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Re: HTML parser in Yacc form???

From: Gavin Nicol <gtn@ebt.com>
Date: Fri, 24 Mar 1995 11:59:44 -0500
Message-Id: <199503241659.LAA07475@ebt-inc.ebt.com>
To: hallam@dxal18.cern.ch
Cc: www-talk@w3.org
>Parsing SGML with a top down recursive decent parser based on an FSR is
>by far the simplest approach to implement and also produces correct code.
>Why would anyone want to use an inappropriate tool which does the job less
>well and is more difficult to use?
True enough. I was just pointing out that it's not impossible, and in
particular, recommending the TEI subset.

>Yacc is OK if you actually have an LR(1) grammar. But its best to
>steer well clear of it otherwise. In addition error handling was
>never really though out properly for yacc. I've never seen anyone
>sucessfully use the error productions without comming a cropper.
Quite! yacc error productions fall into the "black art" category at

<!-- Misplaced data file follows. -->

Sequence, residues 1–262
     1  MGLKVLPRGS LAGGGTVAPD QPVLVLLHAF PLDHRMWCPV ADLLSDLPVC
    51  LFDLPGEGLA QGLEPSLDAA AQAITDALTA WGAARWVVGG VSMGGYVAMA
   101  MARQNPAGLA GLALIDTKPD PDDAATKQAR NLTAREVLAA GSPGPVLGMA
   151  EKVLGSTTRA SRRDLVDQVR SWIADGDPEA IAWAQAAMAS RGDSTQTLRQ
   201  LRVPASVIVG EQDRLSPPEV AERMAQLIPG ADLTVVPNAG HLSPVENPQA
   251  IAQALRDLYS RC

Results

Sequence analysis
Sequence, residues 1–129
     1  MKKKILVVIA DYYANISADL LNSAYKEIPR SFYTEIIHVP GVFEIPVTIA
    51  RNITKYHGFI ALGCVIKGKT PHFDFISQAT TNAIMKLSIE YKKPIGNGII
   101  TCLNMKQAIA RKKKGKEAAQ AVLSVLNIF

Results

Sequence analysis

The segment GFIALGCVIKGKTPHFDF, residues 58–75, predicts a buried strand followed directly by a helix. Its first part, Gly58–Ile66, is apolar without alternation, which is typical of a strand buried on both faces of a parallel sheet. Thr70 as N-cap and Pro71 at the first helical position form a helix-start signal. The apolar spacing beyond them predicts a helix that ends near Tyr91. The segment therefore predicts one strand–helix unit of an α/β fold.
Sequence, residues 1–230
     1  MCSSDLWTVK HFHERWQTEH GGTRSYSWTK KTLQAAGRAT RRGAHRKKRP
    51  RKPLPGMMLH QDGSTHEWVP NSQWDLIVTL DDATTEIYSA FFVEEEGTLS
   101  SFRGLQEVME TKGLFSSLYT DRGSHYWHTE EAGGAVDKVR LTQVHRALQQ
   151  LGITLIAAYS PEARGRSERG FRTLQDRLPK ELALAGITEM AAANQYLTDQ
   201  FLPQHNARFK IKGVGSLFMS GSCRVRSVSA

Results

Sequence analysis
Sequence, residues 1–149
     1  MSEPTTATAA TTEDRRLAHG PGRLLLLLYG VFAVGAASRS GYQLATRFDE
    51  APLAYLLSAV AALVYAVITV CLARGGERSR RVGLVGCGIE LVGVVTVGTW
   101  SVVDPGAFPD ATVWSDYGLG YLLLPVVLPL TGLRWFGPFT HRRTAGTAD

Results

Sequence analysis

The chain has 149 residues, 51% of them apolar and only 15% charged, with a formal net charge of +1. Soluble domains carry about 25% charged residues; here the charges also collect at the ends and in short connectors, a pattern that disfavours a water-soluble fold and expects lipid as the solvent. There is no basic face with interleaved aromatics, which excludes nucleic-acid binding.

the very least. 

>I think the problem lies in comp sci classes being taught that bottom
>up parsing is `better' and the students not asking why. Goldfarb
>would not know an LR(1) grammar if one bit him on the nose. If he had
>SGML might not fall into the "much wailing and gnashing of teeth"
>catogory which it does. 

Well, the other thing is that many people perceive writing a recursive
descent parser to be harder than writing a YACC grammar
description. I'm not sure this is true. I'll be perfectly honest and
say that over the last 10 years, less than a third of the parsers I've
written used YACC (though flex is a godsend, at least for
prototyping). I saw one interesting parser concept which used "event
handlers" to create a very loosely coupled FSM. Quite interesting, and
very fast too.

>PS: I have discovered that the correct pronunciation of "ASN.1" is
>"assasin 1". 

Or perhaps asinine ;-)
Received on Friday, 24 March 1995 11:57:21 UTC

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